Eugene Diederich's family never knew he was honored with several medals for his service in World War II because they were stolen decades ago. 

With the help of U.S. Rep. Cheri Bustos, D-East Moline, and her office, those medals were replaced Saturday.

Mr. Diederich, an Army veteran who lived in Carbon Cliff, passed away last April at the age of 88, but his family gathered Saturday morning at Rep. Bustos' Rock Island office to accept his awards.

"I didn't know he had them. It's nice to know it," said his wife, Annette, 86, of Carbon Cliff. "I wish he'd have said something about it." 

Mr. Diederich's family said he didn't talk much about the war or his involvement in it. Whenever anyone asked about it, he'd reply, "'I didn't do much,'" they said.  

They knew he drove a truck with supplies to the front lines, said Kevin Diederich, of East Moline, one of the couple's two sons, but that was about it.

The couple's other son, Dan Diederich, of Moline, said their father told him his duffel bag -- which contained all of the belongings he had with him -- was stolen on his way back to the States. It wasn't until his family gathered his discharge papers so he could be buried in the Rock Island National Cemetery on Arsenal Island that they learned he had been awarded the medals. 

Mr. Diederich's military records were included in those that were destroyed in a fire at the National Personnel Records Center in St. Louis in the 1970s, "so it was lucky you had what you did," Rep. Bustos told the family.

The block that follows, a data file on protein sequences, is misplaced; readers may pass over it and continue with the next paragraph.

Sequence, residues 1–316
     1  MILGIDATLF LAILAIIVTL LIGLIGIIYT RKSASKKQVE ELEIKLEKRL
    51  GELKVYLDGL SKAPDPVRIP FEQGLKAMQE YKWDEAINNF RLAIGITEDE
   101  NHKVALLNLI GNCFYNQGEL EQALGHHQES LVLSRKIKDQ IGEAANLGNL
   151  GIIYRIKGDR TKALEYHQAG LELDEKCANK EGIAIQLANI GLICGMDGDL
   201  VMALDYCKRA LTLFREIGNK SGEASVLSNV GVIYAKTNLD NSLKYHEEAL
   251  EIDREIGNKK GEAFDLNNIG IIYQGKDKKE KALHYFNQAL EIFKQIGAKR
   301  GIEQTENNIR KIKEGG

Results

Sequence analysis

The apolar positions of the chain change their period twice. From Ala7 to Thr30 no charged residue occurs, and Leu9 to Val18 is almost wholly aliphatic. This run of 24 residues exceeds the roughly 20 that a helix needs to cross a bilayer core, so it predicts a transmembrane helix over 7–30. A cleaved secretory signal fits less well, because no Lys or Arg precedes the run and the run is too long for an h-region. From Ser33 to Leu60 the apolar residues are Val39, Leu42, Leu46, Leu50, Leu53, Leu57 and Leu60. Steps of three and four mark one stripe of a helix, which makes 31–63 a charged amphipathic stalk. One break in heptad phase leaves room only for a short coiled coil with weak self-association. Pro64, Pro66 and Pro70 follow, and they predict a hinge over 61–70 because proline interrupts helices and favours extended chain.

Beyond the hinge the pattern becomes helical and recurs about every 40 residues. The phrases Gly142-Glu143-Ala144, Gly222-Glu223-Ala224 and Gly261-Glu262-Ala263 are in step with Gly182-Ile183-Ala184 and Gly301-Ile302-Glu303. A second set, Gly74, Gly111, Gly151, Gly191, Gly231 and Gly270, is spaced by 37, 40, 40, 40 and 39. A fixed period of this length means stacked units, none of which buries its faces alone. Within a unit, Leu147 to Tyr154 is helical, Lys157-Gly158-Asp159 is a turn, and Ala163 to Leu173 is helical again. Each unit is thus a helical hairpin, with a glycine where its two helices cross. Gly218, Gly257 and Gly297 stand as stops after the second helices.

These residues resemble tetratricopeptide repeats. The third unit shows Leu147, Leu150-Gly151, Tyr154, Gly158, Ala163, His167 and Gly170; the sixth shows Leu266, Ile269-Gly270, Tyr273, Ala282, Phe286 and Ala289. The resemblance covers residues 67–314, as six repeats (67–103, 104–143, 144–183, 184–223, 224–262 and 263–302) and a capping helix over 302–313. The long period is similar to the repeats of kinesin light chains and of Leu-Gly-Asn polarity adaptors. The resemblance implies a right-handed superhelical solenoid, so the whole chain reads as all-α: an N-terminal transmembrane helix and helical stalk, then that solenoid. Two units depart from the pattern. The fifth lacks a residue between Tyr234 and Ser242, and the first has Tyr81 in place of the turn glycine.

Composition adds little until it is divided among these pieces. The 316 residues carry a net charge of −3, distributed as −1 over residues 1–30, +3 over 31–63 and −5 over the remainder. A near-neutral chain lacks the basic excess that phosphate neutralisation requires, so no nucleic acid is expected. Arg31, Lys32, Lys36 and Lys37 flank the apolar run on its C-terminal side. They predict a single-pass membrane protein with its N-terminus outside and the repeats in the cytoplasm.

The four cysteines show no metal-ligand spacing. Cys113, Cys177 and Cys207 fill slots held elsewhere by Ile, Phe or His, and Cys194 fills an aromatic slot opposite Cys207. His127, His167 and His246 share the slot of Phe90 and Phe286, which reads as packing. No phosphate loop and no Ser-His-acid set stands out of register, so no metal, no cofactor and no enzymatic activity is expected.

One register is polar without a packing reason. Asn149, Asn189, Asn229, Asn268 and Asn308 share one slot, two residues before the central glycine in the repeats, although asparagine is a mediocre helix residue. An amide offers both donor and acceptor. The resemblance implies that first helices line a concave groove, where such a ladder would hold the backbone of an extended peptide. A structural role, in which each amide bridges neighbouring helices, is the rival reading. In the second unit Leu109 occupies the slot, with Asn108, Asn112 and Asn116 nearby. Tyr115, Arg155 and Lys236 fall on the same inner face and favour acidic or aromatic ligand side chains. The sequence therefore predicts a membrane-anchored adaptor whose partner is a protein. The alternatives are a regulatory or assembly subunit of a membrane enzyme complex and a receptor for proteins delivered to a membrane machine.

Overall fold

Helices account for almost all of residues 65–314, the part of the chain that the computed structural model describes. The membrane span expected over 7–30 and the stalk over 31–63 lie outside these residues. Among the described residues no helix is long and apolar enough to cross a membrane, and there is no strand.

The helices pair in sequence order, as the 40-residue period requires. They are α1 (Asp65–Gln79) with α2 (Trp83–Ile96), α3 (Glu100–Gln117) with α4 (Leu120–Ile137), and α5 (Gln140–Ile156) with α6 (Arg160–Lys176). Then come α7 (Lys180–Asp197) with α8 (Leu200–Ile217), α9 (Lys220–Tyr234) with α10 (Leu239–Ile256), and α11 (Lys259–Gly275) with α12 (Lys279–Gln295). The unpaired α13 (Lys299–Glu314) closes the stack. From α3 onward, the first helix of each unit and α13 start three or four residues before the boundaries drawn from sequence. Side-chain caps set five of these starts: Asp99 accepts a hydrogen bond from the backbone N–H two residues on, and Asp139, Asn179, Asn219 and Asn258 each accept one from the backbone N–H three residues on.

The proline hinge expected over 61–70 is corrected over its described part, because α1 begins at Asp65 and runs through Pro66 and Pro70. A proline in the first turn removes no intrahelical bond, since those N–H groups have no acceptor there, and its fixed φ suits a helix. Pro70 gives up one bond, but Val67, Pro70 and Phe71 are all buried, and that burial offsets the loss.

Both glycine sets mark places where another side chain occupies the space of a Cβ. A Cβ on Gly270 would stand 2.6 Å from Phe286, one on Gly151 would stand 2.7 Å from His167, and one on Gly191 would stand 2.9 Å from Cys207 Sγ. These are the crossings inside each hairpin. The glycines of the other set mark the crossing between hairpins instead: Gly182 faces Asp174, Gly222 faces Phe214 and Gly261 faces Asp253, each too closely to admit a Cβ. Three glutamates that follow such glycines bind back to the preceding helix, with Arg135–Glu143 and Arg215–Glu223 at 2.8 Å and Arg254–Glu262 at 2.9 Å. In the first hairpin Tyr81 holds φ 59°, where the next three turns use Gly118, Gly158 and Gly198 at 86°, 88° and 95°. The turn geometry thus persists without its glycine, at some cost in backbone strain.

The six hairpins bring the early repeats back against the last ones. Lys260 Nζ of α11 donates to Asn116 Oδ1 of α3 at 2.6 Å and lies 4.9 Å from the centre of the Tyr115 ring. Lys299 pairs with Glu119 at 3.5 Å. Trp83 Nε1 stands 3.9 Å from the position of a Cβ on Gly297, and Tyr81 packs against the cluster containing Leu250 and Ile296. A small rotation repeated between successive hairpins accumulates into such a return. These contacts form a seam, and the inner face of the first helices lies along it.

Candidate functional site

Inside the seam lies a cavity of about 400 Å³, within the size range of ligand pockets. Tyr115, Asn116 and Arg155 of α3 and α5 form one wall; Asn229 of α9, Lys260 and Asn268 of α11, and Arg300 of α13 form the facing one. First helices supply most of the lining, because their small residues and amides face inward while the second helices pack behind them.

The medals replaced Saturday included the Good Conduct Medal, European-African-Middle Eastern Campaign Medal with three bronze stars, World War II Victory Medal, Honorable Service Lapel Button for World War II, Marksman Badge and Carbine Bar and Rifle Bar. 

"We've always been proud of dad," said the couple's daughter, Deborah Beauchamp, of East Moline. He might not have talked about his service, in part, because "dad wasn't a bragger."

"I think he just figured it was his job," Dan said. 

Mrs. Diederich said she was in high school when she started dating Mr. Diederich. "I had two dates with him, and then he had to leave," she said.

He wrote letters to her often, she said, from countries including Belgium, France and Germany. "And I saved every one of 'em," she said, adding that she has a box filled with them.

When he returned after the war was over, Mrs. Diederich was out of high school. "We started dating and got married," she said. 

"He was a good kisser," she said, laughing. "He was a real good guy." 

Ms. Beauchamp said Saturday was "special," and she was happy to have her father's medals. Her mother will keep them for the time being, she said. 

"Right where I can see them," Mrs. Diederich added. 

The family said Mr. Diederich was one of 13 children in his famil, and one of five who served in World War II at the same time. The five made it safely back to the States, the family said, and now, only two are living.

"We have three veterans on our team," Rep. Bustos told the family. "So when it comes to people who have served, like your husband, your dad, we want to make sure that we do what we can to honor (them)."